Pipe Organ Database

a project of the organ historical society

Henry Pilcher's Sons (Opus 1331, 1931)

Location:

Church Street Methodist Episcopal Church
Knoxville, TN US
Organ ID: 17579

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Status and Condition:

  • This instrument's location type is: Methodist Churches
  • The organ is no longer a complete instrument; dispersed/parted out.
  • The organ's condition is unknown.
We received the most recent update for this instrument's status from Database Manager on May 13, 2018.

Technical Details:

  • Chests: EP pitman
  • 53 ranks. 5 divisions. 4 manuals. 71 stops. 51 registers.
All:
  • Chest Type(s): EP pitman chests
  • Position: In side chambers at the front of the room. No visible pipes.
We received the most recent update for this division from Database Manager on May 13, 2018.
Main:
  • Manuals: 4
  • Divisions: 5
  • Stops: 71
  • Registers: 51
  • Position: Console in fixed position, right.
  • Manual Compass: 61
  • Pedal Compass: 32
  • Key Action: Electrical connection from key to chest.
  • Stop Action: Electric connection between stop control and chest.
  • Console Style: Horseshoe style console.
  • Stop Controls: Stop keys above top manual.
  • Combination Action: Setterboard (remote or in console).
  • Swell Control Type: Balanced swell shoes/pedals, AGO standard placement.
  • Pedalboard Type: Concave radiating pedalboard meeting AGO Standards.
  • Has Tutti Reversible Toe Pistons
  • Has Combination Action Thumb Pistons
  • Has Coupler Reversible Toe Pistons
We received the most recent update for this console from Database Manager on May 13, 2018.
Database Manager on March 07, 2018:

The organ was removed in 1965, installation started on Aeolian-Skinner opus 1454 that year but was not completed until 1966. The contract for Aeolian-Skinner Opus 1454 was signed in 1964. {per Randall Dyer, email received March 5, 2018.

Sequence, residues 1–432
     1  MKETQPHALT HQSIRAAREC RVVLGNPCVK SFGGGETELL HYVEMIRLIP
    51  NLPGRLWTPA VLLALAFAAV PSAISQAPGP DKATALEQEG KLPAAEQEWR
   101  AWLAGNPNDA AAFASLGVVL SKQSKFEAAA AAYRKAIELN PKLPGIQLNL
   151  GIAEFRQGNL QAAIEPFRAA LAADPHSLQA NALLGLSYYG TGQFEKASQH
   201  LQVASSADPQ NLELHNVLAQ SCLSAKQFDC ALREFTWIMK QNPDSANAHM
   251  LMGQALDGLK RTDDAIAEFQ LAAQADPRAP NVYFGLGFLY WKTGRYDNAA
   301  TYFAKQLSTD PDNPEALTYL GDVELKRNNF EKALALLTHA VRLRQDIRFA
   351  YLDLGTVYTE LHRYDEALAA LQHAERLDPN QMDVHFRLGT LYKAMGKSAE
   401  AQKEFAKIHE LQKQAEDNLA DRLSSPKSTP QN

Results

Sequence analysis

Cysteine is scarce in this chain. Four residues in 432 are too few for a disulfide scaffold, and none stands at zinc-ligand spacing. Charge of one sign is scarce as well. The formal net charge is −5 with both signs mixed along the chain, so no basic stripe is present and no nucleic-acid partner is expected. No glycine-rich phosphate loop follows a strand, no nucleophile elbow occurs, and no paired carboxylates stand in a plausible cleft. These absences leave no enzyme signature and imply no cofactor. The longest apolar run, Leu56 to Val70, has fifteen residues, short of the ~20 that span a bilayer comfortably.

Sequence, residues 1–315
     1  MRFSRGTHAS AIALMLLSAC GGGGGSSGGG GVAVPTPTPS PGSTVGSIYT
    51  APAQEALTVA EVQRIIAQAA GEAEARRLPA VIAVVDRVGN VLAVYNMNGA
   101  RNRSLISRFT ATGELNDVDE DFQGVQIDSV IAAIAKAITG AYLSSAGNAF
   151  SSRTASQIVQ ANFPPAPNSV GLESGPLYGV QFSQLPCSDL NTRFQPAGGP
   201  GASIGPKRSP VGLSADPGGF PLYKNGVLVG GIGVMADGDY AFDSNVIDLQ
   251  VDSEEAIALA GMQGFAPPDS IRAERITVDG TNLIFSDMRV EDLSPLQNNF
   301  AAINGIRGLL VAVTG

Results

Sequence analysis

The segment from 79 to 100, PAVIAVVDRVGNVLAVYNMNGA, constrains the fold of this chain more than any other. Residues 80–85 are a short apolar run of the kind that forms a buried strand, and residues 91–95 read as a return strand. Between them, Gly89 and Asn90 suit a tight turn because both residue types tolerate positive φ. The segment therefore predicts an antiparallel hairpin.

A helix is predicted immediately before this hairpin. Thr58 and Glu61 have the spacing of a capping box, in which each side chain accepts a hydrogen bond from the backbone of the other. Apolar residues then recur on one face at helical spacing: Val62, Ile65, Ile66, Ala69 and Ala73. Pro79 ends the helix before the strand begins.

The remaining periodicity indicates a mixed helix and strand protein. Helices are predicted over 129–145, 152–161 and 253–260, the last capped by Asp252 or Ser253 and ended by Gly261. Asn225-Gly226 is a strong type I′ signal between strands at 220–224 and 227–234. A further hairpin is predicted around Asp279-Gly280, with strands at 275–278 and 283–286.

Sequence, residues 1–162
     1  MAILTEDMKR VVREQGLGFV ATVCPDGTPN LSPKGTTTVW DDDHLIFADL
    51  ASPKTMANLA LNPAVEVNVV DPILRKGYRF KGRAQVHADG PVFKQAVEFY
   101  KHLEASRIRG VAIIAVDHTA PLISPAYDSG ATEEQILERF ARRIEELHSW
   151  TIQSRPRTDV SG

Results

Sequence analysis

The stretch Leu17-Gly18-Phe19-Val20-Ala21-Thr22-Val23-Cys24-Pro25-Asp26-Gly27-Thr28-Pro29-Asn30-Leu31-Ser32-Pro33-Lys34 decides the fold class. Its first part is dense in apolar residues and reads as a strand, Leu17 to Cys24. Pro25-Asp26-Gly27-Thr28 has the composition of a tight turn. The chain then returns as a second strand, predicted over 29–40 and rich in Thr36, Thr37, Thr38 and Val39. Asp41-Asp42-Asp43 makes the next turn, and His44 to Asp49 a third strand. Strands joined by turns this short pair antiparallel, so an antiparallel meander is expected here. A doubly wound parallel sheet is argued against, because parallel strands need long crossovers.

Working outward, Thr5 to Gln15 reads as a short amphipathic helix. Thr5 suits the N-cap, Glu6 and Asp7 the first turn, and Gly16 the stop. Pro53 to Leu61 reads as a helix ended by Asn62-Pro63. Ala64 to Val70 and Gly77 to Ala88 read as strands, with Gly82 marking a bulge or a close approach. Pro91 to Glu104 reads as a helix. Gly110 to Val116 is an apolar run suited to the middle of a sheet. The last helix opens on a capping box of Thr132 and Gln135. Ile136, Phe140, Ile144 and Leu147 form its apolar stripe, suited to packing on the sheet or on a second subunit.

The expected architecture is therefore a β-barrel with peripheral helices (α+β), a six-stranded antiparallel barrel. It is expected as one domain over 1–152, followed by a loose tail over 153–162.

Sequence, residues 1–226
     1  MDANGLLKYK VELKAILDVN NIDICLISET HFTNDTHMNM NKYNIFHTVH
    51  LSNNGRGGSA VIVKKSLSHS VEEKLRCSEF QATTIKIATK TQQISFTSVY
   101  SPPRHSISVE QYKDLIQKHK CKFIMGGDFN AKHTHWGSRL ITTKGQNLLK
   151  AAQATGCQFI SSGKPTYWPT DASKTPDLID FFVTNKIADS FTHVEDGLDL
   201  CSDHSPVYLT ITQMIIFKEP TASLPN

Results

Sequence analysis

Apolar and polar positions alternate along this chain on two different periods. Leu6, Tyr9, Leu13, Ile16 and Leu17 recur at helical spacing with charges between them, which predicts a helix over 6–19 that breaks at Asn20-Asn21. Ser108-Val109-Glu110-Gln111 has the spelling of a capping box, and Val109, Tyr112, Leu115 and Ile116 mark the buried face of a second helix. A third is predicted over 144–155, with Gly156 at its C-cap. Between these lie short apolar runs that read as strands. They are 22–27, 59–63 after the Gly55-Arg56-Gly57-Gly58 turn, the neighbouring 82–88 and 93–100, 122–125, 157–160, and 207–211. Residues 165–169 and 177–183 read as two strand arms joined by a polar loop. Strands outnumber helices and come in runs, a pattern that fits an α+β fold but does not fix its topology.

We received the most recent update for this note from Database Manager on April 09, 2020.

Database Manager on August 27, 2012:

Updated through online information from Randall S. Dyer. -- The last stop on the coupler (lower) row of stops is engraved "Roof Garden Expression". Had the organ been installed in West Palm Beach, there was reported to to have been an elevated patio near the Echo chamber, used for teas and wedding receptions, and engaging this stop would allow the organist to entertain those gathered there.

We received the most recent update for this note from Database Manager on April 09, 2020.

Database Manager on August 20, 2012:

Updated through online information from Randall Dyer. -- This instrument was originally built in 1926 for the First Methodist Church of West Palm Beach, Florida. Popular lore in Knoxville was that the Pilcher firm reclaimed the organ from its storage place in the basement of the church after the church was unable to make the remaining payments, due to the economic conditions of the times. Others have stated that it never left the Louisville factory.
Regardless, when Church Street Methodist Church's building on Church Avenue in Knoxville, burned in February of 1928, and a new site was selected at the corner of Henley and Main for a magnificent new building, the Pilchers wasted no time in sending a letter to Church Street offering the Palm Beach organ at a discounted figure of $17,500 (formerly $29,500) and available for immediate installation.
The organ was installed in 1931 in a large chamber to the left of the chancel and above the heads of the choir. The Echo organ was installed in a chamber at the rear, near the ceiling of the room, in the bell tower.